- 47. Moreno X, Albala C, Lera L, Leyton B, Angel B, Sánchez H. Gender, nutritional status and disability-free life expectancy among older people in Santiago, Chile. PLoS One. 2018; pmid:29590148
- 48. Ministry of Health. Encuesta Nacional de Salud ENS Chile 2009–2010 [National Survey of Health ENS Chile 2009–2010]. https://www.minsal.cl/portal/url/item/bcb03d7bc28b64dfe040010165012d23.pdf Accessed 4 July 2019.
- 49. Ministry of Health. Encuesta Nacional de Salud 2016–2017. Diseño Muestral [National Survey of Health 2016–17. Sampling design]. http://epi.minsal.cl/wp-content/uploads/2018/05/DISE%C3%91O-MUESTRAL-ENS-2016-2017.pdf Accessed 5 July 2019.
- 50. Ministry of Health. Encuesta Nacional de Salud 2016–2017. Cálculo de Factores de Expansión [National Survey of Health 2016–17. Calculation of Sample Weights]. http://epi.minsal.cl/wp-content/uploads/2018/06/Informe-c%C3%A1lculo-de-factores-de-expansi%C3%B3n-ENS-2016-2017.pdf Accessed 8 July 2019.
- 51. Albala C, Lera L, García C, Arroyo P, Marín PP, Bunout D. Searching a Common Definition for Functional Limitation in Latin America. Gerontologist. 2004;44: 550s.
- 52. Fuentes-García A, Sánchez H, Lera L, Cea X, Albala C. Desigualdades socioeconómicas en el proceso de discapacidad en una cohorte de adultos mayores de Santiago de Chile (Socioeconomic inequalities in the onset and progression of disability in a cohort of older people in Santiago, Chile).Gac Sanit. 2013;27: 226–232. pmid:23291031
- 53. Icaza MG, Albala C. Proyecto SABE. Minimental State Examinations (MMSE) del estudio de demencia en Chile: Análisis estadístico [SABE Project. Minimental State Examinations (MMSE) from the Study of Dementia in Chile: Statistical Analysis]. Washington, D.C.; Panamerican Health Organization. April, 1999.
- 54. Quiroga P, Albala C, Klaasen G. Validación de un test de tamizaje para el diagnóstico de demencia asociada a edad, en Chile [Validation of a screening test for age associated cognitive impairment, in Chile]. Rev Med Chil. 2004;132:467–78. pmid:15382519
- 55. Sullivan DF. A single index for mortality and morbidity. HSMHA Health Rep. 1971;86:347–54. pmid:5554262
- 56. Jagger C, Van Oyen H, Robine JM. Health Expectancy Calculation by the Sullivan Method: A Practical Guide. 4th ed. European Health Expectancy Monitoring Unit (EHEMU), 2014.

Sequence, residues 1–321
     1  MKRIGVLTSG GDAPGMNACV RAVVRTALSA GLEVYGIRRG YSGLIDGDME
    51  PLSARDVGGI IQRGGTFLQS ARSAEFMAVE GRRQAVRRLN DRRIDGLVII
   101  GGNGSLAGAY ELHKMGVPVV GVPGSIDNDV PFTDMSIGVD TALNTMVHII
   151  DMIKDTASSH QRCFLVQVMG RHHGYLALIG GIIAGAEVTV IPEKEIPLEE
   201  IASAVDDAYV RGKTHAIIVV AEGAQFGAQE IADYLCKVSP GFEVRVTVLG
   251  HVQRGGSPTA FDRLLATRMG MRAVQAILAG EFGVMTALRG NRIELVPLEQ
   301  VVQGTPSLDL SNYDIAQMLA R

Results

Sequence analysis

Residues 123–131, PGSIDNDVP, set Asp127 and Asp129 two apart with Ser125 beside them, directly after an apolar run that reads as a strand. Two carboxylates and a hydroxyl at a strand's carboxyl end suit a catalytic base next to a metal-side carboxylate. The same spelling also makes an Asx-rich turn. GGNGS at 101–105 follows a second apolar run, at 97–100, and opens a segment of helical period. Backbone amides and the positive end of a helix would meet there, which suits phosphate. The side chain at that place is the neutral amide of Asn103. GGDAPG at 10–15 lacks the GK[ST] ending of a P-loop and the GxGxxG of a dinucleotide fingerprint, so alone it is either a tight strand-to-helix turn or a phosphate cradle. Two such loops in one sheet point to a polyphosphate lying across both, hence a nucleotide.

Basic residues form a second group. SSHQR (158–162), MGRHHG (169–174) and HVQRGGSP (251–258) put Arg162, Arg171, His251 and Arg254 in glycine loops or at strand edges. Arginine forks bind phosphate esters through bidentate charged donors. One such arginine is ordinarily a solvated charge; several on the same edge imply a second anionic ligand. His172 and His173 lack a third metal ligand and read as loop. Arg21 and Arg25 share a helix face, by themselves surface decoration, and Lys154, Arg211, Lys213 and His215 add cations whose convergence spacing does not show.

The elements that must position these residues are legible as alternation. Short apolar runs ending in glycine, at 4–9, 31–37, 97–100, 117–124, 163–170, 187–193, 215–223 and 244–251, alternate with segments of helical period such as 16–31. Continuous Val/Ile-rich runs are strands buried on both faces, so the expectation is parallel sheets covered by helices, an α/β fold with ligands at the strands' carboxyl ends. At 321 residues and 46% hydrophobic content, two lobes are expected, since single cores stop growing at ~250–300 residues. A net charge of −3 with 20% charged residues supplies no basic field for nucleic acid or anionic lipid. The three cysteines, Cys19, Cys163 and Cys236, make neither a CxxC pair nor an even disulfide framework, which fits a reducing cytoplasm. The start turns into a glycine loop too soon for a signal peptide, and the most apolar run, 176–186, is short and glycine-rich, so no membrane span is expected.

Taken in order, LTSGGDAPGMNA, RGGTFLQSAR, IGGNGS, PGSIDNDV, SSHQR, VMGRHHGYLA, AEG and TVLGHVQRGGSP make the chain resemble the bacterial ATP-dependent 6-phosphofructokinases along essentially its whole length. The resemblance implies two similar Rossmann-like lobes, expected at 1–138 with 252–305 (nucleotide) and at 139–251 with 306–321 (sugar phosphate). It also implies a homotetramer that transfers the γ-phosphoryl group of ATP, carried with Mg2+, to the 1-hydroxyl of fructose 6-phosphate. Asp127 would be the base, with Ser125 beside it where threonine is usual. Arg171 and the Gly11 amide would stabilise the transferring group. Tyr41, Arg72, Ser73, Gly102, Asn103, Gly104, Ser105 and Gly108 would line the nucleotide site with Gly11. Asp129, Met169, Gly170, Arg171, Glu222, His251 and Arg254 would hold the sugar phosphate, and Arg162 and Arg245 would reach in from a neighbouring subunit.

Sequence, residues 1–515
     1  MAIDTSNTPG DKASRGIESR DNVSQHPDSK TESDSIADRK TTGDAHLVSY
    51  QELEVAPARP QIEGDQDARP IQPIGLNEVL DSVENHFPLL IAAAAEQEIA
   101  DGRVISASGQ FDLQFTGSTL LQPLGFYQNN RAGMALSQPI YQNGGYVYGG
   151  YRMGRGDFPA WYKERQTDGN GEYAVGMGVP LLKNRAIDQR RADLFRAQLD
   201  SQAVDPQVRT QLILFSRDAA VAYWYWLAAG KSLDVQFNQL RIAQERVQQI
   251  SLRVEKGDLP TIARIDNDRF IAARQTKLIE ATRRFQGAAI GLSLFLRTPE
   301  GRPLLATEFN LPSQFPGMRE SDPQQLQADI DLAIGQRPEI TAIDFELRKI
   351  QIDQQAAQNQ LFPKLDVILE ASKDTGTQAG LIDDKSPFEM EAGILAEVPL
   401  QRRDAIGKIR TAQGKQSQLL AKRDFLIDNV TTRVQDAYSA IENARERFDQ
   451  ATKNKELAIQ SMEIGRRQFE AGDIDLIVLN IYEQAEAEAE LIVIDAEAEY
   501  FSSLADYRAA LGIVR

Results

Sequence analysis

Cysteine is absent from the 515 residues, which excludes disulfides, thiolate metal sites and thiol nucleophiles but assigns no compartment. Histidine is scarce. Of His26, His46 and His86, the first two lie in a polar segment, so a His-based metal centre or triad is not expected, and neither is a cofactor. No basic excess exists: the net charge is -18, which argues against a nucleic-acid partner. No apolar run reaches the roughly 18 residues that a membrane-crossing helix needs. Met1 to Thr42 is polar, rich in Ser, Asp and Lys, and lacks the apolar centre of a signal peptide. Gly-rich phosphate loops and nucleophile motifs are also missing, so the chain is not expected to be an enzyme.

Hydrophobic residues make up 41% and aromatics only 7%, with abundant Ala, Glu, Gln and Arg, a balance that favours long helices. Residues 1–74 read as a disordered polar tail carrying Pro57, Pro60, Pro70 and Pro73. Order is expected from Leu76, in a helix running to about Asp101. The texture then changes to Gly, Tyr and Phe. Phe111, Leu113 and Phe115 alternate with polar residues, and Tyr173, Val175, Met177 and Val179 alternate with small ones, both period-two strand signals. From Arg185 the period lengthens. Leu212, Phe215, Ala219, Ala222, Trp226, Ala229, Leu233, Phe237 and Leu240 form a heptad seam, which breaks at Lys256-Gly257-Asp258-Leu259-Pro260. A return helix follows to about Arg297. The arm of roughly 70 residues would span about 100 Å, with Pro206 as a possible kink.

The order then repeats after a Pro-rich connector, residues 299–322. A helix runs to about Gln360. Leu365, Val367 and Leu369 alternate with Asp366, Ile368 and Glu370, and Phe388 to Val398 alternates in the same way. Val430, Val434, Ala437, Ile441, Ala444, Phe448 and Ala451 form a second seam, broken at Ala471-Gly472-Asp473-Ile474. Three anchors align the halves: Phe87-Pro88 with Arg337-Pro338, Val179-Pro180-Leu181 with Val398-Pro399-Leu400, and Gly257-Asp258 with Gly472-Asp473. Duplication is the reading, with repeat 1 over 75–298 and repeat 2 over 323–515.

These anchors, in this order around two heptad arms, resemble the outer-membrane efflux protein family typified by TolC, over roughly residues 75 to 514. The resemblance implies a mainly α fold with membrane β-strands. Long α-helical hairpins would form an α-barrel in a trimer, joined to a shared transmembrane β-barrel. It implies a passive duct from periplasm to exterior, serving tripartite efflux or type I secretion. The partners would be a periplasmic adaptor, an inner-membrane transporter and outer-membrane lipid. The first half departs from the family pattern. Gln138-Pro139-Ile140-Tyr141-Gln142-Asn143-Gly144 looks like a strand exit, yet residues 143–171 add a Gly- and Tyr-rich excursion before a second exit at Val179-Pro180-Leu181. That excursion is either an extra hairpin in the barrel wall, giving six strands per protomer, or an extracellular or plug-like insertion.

- 57. Moreno X, Lera L, Moreno F, Albala C. Life expectancy with and without cognitive impairment among Chilean older adults: results of the National Survey of Health (2003, 2009 and 2016). BMC Geriatr. 2019;19(1):374. Published 2019 Dec 26. pmid:31878877
- 58. Jagger C, Matthews FE, Wohland P, Fouweather T, Stephan BC, Robinson L, et al. A comparison of health expectancies over two decades in England: results of the Cognitive Function and Ageing Study I and II. Lancet. 2016; pmid:26680218
- 59. Dowd JB, Zajacova A. Does the predictive power of self-rated health for subsequent mortality risk vary by socioeconomic status in the US? Int J Epidemiol. 2007 Dec;36(6):1214–21. pmid:17971388
- 60. Regidor E, Guallar-Castillón P, Gutiérrez-Fisac JL, Banegas JR, Rodríguez-Artalejo F. Socioeconomic variation in the magnitude of the association between self-rated health and mortality. Ann Epidemiol. 2010 May;20(5):395–400. pmid:20382341
- 61. Gitlin LN, Fuentes P. The Republic of Chile: an upper middle-income country at the crossroads of economic development and aging. Gerontologist. 2012;52(3):297–305. pmid:22534464
- 62. Lorant V, Demarest S, Miermans PJ, Van Oyen H. Survey error in measuring socio-economic risk factors of health status: a comparison of a survey and a census. Int J Epidemiol. 2007 Dec;36(6):1292–9. pmid:17898025
- 63. Spitzer S. Biases in health expectancies due to educational differences in survey participation of older Europeans: It’s worth weighting for. Eur J Health Econ. 2020.
- 64. Albala C, Sánchez H, Lera L, Angel B, Cea X. Efecto sobre la salud de las desigualdades socioeconómicas en el adulto mayor. Resultados basales del estudio expectativa de vida saludable y discapacidad relacionada con la obesidad (Alexandros) [Socioeconomic inequalities in active life expectancy and disability related to obesity among older people]. Rev Med Chil. 2011; /S0034-98872011001000005.
- 65. Bilal U, Alazraqui M, Caiaffa WT, Lopez-Olmedo N, Martinez-Folgar K, Miranda JJ, et al. Inequalities in life expectancy in six large Latin American cities from the SALURBAL study: an ecological analysis [published correction appears in Lancet Planet Health. 2020 Jan;4(1):e11]. Lancet Planet Health. 2019;3(12):e503–e510. pmid:31836433